Third, if indeed the objective of India’s nuclear planners is to achieve seamless and continuous sea deterrence, one SSBN with limited range is far from sufficient. Given the adversaries’ capabilities in tracking, monitoring and surveilling India’s SSBNs, it would need to invest in at least four more. Maintaining a huge nuclear force and its ancillary systems, in particular the naval leg, would eventually prove to be extremely expensive. One way to address the costs would be to reduce the reliance on the air and land legs of the nuclear triad. Given that India does not have ‘first strike’ or ‘launch on warning’ policies, it can adopt a relatively relaxed nuclear readiness posture. New Delhi could, in the long run, invest in a survivable fleet of nuclear submarines armed with nuclear-tipped missies of various ranges, and decide to reduce its investment in the land and air legs of its nuclear deterrent, thereby reducing costs. While this might bring down costs without sacrificing the country’s deterrence requirements, inter-service claims might frustrate such plans.

Finally, the naval leg of the nuclear triad also poses significant command and control challenges. As a matter of fact, communicating with SSBNs without being intercepted by the adversaries’ tracking systems while the submarines navigate deep and far-flung waters is among the most difficult challenges in maintaining an SSBN fleet. Until such sophisticated communication systems are eventually put in place, India will have to do with shallower waters or focus on bastion control, which in some ways reduces the deterrence effect of SSBNs, as bastions would be closer to the ports..

Impact on strategic stability

INS Arihant’s induction will also have implications for regional stability. For one, it is bound to make the maritime competition in the Indian Ocean region sharper, even though the lead in this direction was taken by the People’s Liberation Army Navy (PLAN) a long time ago. Hence, the dominant driver of India’s SSBN plans appears to be China’s expanding inventory of nuclear submarines. The PLAN’s Jin class submarine with the JL-2 missiles with a range of 7,400 km began its deterrent patrol several years ago. Chinese nuclear-powered submarines (reportedly without nuclear weapons on board) have been frequenting the Indian Ocean on anti-piracy missions, creating unease in New Delhi. INS Arihant in that sense is a response to the Chinese naval build-up. Pakistan’s reaction to India’s response to China would be to speed up its submarine-building spree, with assistance from Beijing. Add to this mix China’s mega infrastructure project, the Belt and Road Initiative, with its ambitious maritime objectives; and the revival of the Quadrilateral Security Dialogue, or Quad, with India, U.S., Japan, and Australia.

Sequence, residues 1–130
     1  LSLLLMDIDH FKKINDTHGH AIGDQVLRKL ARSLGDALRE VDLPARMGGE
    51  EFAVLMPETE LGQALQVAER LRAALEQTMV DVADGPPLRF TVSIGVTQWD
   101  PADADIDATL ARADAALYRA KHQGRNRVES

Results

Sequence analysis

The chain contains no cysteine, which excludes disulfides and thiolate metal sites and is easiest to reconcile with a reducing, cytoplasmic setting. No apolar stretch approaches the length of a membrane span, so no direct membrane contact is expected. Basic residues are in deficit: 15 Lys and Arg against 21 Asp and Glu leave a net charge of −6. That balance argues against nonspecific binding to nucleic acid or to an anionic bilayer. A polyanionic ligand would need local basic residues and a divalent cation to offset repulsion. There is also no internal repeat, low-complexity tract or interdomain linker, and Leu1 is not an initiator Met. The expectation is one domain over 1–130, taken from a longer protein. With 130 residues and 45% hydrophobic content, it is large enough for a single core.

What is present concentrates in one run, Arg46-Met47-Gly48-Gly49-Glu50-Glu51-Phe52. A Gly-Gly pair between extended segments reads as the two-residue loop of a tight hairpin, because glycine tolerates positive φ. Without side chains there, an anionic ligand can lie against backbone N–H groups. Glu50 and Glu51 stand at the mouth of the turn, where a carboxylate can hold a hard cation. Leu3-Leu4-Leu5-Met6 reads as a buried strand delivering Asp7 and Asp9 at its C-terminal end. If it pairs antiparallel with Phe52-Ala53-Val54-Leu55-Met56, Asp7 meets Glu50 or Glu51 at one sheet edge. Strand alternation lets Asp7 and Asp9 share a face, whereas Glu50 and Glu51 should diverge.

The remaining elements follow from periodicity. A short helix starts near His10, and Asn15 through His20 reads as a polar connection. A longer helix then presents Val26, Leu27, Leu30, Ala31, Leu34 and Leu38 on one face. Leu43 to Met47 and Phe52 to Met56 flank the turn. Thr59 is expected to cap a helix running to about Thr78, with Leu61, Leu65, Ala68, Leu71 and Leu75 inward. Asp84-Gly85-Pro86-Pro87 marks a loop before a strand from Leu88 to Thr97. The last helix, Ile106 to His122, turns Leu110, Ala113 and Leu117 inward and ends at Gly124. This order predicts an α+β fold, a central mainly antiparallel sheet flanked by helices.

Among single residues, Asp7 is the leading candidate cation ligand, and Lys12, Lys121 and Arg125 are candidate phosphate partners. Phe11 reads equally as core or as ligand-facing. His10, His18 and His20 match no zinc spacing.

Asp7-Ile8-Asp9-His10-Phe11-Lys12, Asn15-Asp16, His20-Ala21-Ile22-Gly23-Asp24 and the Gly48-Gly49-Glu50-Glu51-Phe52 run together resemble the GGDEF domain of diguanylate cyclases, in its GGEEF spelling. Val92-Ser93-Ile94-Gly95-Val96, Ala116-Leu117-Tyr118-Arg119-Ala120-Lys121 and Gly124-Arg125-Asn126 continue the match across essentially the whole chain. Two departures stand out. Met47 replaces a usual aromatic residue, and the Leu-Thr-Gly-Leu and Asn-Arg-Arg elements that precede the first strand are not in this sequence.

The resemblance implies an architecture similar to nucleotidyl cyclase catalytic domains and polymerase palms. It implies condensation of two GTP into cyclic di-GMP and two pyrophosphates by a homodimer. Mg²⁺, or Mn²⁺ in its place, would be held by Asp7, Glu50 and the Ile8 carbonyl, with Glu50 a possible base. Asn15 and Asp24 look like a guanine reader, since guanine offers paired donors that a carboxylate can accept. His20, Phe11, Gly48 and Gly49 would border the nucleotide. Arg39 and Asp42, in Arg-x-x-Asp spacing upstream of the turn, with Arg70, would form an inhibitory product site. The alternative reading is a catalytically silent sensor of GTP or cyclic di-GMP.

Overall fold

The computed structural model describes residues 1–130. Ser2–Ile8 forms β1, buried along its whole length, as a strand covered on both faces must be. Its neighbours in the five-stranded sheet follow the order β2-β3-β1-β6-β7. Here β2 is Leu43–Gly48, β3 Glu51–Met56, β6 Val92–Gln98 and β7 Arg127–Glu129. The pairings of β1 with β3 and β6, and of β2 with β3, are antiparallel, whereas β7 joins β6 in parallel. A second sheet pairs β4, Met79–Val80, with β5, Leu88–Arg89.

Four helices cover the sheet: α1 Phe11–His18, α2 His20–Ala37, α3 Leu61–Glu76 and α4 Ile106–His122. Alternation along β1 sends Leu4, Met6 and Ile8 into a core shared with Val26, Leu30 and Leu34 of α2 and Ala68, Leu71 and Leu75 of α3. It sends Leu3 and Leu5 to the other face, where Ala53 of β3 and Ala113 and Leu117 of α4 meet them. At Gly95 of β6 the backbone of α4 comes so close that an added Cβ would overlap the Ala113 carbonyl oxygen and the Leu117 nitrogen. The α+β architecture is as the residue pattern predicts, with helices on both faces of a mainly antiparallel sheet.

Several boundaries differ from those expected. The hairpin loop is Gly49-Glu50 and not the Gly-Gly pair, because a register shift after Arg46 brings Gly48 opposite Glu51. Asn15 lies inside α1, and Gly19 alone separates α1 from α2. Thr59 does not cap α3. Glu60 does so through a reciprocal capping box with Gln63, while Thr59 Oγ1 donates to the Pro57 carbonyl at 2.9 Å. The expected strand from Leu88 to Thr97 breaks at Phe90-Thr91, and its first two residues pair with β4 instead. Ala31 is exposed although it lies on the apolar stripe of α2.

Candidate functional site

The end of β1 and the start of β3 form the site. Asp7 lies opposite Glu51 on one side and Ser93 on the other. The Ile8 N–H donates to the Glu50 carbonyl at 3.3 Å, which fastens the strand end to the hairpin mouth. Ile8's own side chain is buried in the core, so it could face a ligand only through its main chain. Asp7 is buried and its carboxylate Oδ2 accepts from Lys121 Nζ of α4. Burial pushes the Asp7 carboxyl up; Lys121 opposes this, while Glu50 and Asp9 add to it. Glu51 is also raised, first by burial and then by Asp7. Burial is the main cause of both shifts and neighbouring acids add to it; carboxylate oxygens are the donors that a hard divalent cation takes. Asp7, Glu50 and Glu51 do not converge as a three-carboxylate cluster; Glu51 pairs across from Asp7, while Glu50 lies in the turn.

This sharpening of the maritime competition further engenders several regional ‘security dilemmas’ wherein what a state does to secure itself could end up making it more insecure. The net result of this would be heightened instability for the foreseeable future. However, once the three key players in this trilemma — China, India and Pakistan — manage to put in place the essential conditions for credible minimum deterrence, the effect of the instability could potentially decrease. But it’s a long road to such an outcome.

What would further complicate the relations among the three key players in the region is the absence of nuclear confidence-building measures (CBMs) among them. While India and Pakistan have only rudimentary nuclear CBMs between them, India and China have none at all. In the maritime sphere, neither pairs have any CBMs. Given the feverish maritime developments that are underway, the absence of CBMs could lead to miscalculations and accidents. This becomes even more pertinent in the case of Pakistan, which uses dual-use platforms for maritime nuclear power projection. In case of a bilateral naval standoff, the absence of dedicated conventional or nuclear platforms could potentially lead to misunderstandings and accidents. It is therefore important for India and Pakistan (as also India and China) to have an ‘incidents at sea’ agreement like the one between the U.S. and USSR in 1972, so as to avoid incidents at sea and avoid their escalation if they took place.

Command and control

India’s sea deterrent also throws up several key questions about the country’s nuclear command and control systems. To begin with, unlike in the case of the air or land legs of the triad where civilian organisations have the custody of nuclear warheads, the naval leg will be essentially under military custody and control given that there would be no civilian presence on board an SSBN. Not only would the SSBN have no warhead control by civilians (i.e., BARC scientists), its captain would be under the Strategic Forces Command, an organisation manned by military officers. Also, given that the warhead would be pre-mated with the canisterised missiles in the SSBN, what would be the finer details of the launch authority invested in the SSBN captain? The SSBN captain would have the authority to launch nuclear missiles on orders from the political authority. However, is there a fool-proof Permissive Action Links system in place to ensure that an unauthorised use does not take place? There needs to be more clarity on such issues.